Quantitative Cross-country Analysis of Nuclear Power Discourse in Politically Distinct India and Russia
Discourse is the debate over reality. Discourse determines the frame through which the public perceives an issue, its value and consequently impacts the future policy of a country. Discourse has been investigated in many fields of study, especially those studies dealing with political and social themes such as nuclear power. For example, Rashidi and Rasti (2012) analysed the representation of social actors implicated in Iran’s nuclear discourse in the Western press.
In their attempt to investigate the Western news arguments on the Iranian nuclear programme, the authors found ideological bias in presenting the Iranian stand, which resulted in the unjust treatment of Iran. Another study on Iran’s nuclear energy programme made by Izadi and Saghaye- Biria (2007) analysed three elite American newspapers. This study found that the orientation of the dominant press in the US towards Iran’s nuclear programme was to emphasis the Islamic nature of Iran and link it to threats of assumed Iranian nuclear weapons programme. The study shows that formal logic opens large possibilities to hide, emphasise and even change information through adopting tactics such as hidden logical mistakes, thesis replacement or justification of the thesis by false arguments. Based mainly on Van Dijk’s concept of the ‘ideological square’, Izadi and Saghaye-Biria organised their study into the following parts: naming choices, lexical choices and argumentative features.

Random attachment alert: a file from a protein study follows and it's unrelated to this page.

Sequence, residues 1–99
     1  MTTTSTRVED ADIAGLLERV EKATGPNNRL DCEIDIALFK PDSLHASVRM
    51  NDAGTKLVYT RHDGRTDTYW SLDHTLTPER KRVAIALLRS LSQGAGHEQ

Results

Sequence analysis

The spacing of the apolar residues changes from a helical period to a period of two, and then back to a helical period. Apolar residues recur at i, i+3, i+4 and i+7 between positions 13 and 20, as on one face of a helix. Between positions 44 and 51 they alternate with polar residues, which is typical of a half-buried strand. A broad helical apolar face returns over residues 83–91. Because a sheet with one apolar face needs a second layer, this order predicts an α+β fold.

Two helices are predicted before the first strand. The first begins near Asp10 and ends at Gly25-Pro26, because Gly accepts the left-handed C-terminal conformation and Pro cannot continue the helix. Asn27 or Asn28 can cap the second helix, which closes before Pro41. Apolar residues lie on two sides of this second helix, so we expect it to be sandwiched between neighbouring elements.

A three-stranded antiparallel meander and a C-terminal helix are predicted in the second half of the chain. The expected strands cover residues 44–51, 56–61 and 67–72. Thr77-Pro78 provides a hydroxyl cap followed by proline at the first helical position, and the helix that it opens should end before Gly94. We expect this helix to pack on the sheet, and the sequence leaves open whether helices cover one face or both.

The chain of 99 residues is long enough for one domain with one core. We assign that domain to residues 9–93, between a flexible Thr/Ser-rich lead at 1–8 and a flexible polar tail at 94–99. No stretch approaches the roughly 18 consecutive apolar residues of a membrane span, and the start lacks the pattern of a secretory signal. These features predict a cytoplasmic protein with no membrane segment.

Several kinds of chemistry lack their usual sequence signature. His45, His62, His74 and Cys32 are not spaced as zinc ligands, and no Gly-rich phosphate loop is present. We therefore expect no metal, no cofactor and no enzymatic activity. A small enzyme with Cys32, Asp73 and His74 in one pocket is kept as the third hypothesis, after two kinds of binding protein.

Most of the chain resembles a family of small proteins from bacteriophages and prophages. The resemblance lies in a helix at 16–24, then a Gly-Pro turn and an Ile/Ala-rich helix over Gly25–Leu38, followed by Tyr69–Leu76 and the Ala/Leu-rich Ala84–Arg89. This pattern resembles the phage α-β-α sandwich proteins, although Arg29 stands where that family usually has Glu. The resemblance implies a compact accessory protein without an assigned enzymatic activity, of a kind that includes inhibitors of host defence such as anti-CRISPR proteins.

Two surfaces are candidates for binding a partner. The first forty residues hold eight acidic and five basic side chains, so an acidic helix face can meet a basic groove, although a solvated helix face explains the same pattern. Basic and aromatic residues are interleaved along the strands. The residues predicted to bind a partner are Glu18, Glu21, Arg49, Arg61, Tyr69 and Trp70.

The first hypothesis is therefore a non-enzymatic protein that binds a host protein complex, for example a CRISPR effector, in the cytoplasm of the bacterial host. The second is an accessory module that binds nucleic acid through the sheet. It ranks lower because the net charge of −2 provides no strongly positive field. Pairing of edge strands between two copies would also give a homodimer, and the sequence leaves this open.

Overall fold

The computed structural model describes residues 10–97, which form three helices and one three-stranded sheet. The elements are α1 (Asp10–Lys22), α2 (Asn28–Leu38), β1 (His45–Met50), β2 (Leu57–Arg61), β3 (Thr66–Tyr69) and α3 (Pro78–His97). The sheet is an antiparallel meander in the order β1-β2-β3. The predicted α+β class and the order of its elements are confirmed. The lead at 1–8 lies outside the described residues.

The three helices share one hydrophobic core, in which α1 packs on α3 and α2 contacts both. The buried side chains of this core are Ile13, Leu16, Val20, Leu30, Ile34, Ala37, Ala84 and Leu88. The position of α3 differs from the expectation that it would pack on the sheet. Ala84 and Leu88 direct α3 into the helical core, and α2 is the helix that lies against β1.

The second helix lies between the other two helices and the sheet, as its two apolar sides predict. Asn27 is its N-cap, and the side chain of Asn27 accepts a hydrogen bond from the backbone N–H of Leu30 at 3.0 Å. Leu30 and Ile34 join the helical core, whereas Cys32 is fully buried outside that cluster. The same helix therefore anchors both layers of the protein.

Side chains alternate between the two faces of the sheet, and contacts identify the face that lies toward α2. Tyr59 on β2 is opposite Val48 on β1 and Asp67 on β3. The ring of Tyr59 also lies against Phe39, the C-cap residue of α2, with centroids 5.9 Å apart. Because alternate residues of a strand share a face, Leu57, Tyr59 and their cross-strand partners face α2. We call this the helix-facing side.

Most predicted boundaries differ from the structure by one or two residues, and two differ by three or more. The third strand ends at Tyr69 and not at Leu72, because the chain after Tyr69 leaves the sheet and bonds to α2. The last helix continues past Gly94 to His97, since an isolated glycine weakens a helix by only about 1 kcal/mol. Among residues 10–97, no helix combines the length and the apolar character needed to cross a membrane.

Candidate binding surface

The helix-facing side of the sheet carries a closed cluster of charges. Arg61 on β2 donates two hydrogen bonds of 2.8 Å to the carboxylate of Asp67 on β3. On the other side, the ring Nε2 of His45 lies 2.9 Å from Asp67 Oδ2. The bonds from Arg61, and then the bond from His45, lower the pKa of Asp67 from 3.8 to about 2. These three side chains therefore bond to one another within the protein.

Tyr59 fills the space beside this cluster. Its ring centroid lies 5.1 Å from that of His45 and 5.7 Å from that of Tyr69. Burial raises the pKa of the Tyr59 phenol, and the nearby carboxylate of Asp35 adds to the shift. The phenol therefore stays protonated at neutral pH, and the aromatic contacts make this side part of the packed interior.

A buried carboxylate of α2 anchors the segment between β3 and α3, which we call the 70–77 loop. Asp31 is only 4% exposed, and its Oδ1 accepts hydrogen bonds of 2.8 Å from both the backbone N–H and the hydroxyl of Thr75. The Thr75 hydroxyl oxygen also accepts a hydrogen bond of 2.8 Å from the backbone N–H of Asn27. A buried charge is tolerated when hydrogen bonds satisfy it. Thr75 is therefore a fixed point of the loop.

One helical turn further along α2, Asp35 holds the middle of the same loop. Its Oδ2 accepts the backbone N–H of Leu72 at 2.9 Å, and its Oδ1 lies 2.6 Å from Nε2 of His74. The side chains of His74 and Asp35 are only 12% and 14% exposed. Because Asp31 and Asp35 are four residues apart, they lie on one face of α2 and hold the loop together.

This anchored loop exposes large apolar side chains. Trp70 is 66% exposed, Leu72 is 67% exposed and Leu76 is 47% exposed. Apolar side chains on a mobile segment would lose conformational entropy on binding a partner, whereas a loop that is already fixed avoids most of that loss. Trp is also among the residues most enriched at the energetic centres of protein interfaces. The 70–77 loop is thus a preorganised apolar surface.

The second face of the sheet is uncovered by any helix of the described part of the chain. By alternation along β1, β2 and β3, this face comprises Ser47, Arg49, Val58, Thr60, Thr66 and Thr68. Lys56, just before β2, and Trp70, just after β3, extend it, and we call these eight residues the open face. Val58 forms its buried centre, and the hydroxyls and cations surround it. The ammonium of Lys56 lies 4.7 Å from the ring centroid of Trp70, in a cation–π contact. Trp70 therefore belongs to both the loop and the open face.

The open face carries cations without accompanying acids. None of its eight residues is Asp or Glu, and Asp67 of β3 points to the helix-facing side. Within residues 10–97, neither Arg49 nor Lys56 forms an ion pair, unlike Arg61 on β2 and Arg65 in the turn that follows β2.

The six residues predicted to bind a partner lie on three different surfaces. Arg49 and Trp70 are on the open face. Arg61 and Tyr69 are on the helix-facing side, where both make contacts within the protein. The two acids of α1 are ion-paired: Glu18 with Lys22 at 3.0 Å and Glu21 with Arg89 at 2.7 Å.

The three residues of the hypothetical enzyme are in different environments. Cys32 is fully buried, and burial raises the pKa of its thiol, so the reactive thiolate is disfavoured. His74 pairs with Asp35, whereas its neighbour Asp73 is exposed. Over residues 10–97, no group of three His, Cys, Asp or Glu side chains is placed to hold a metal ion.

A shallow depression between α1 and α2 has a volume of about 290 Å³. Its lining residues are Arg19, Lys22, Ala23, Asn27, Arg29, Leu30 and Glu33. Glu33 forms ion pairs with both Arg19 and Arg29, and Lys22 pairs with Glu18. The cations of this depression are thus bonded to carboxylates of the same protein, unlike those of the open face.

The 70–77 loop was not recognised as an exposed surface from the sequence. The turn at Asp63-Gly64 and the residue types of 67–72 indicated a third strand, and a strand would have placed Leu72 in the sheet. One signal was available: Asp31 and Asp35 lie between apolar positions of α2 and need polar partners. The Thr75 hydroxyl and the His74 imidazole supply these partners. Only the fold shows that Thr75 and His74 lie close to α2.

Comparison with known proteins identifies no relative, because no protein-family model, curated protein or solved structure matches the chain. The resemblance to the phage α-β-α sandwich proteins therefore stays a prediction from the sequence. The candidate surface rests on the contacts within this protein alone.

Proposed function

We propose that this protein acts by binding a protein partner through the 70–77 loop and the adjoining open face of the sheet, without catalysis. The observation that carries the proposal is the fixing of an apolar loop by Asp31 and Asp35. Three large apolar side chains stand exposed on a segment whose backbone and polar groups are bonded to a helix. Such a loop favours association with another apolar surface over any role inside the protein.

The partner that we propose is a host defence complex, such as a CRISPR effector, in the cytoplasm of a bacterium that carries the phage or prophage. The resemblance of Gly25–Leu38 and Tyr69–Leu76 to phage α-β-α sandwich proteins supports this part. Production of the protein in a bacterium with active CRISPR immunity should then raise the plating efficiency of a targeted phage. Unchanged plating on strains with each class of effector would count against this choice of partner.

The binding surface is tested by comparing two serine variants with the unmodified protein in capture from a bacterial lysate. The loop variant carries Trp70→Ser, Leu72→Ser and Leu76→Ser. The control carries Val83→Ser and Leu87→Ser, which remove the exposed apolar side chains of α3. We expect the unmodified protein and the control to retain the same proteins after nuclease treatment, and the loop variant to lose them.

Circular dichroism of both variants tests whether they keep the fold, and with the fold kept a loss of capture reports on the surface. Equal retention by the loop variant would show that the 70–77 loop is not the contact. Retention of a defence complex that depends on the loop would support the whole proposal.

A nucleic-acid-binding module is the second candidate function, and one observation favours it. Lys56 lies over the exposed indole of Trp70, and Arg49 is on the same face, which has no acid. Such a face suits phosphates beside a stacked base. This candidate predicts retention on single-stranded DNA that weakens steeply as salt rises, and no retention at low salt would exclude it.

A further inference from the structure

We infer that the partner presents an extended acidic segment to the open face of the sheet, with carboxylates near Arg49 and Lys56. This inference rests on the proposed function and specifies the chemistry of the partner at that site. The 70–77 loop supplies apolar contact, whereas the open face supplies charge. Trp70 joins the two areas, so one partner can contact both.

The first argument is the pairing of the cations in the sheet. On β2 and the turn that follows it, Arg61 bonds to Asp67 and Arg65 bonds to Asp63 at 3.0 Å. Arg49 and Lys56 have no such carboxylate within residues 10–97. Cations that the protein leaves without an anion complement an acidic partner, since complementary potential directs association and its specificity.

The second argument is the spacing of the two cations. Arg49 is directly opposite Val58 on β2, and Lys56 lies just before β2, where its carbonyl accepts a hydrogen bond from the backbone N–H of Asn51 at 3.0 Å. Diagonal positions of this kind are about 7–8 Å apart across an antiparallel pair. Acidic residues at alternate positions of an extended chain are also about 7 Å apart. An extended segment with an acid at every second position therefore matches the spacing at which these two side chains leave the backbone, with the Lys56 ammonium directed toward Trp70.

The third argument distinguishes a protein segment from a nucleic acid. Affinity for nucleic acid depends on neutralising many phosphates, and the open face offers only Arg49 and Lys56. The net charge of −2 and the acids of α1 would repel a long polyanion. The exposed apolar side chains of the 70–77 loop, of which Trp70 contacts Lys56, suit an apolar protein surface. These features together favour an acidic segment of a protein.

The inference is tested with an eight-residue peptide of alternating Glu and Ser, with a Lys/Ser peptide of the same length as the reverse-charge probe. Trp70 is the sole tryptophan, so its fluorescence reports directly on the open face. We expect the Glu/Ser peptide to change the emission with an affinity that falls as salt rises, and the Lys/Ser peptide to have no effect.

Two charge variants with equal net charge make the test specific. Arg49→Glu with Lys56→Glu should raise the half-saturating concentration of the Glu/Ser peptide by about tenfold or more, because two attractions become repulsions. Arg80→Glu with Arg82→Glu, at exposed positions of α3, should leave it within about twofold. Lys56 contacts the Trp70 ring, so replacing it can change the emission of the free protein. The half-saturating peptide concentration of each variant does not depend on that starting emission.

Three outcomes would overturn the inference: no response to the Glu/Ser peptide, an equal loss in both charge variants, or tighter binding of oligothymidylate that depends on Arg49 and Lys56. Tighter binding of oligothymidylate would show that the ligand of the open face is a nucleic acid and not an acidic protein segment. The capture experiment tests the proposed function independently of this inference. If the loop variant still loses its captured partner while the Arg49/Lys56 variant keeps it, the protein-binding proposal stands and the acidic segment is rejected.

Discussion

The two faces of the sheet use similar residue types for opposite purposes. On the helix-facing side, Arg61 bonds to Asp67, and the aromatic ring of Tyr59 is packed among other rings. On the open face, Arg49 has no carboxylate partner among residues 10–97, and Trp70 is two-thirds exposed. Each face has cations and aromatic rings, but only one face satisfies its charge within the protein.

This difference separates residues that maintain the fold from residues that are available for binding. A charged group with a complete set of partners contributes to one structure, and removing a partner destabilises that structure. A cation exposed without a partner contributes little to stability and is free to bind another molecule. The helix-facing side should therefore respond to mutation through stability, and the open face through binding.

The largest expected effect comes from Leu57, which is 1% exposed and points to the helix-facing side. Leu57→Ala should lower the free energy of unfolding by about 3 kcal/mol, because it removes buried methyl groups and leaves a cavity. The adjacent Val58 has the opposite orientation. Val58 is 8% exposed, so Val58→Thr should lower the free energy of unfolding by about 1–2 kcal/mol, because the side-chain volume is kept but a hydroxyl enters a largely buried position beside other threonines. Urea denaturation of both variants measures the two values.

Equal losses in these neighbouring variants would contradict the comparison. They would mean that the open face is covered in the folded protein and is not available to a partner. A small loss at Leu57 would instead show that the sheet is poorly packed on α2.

Discourse themes or packages method used by Gamson and Modigliani (1989) to analyse nuclear energy discourse in the USA. This country nuclear energy media discourse was found to represent the means for the interaction between power/knowledge and discourse. The authors argued that media has a strong influence on forming nuclear energy discourse and vice versa as it is also shaped by the discourse/ideology. De Cock (1998) found that discourse themes/packages can be divided for comparative analysis into pro-nuclear, neutral and anti-nuclear discourse coalitions. These coalitions consist of narratives with different storylines. Hajer (1995) utilised a similar way of discourse analysis to compare environmental discourses of Great Britain and the Netherlands. Doyle (2011) analysed the UK governmental discourse on nuclear energy and found that the priority of solving climate change problem has labelled nuclear energy as less risky than the risk of intensifying climate change.
Nuclear power, like every policy issue, has an ongoing discourse that evolves and changes over time, providing interpretations and meanings for relevant events. Especially such events like an accident at Japan’s Fukushima Daiichi Nuclear Power Plant (NPP) in 2011 (WIN Gallup International, 2011). After the Fukushima accident, strong actions against nuclear energy took place not only in nearby countries or countries with nuclear energy plants but also all around the world. Anti-nuclear action took place even in Belgium, where there were no nuclear plants. Belgians demanded a global nuclear energy phase out. The Fukushima NPP accident led to a reformulation of energy policy in Japan, Germany, Italy, Venezuela and Israel. Switzerland and Italy also decided not to develop a nuclear energy sector. The impact of the disaster was the most pronounced in Germany. Although nuclear energy provided 22% of the country’s electricity in 2011, Germany decided to completely phase out its nuclear energy programme by 2022.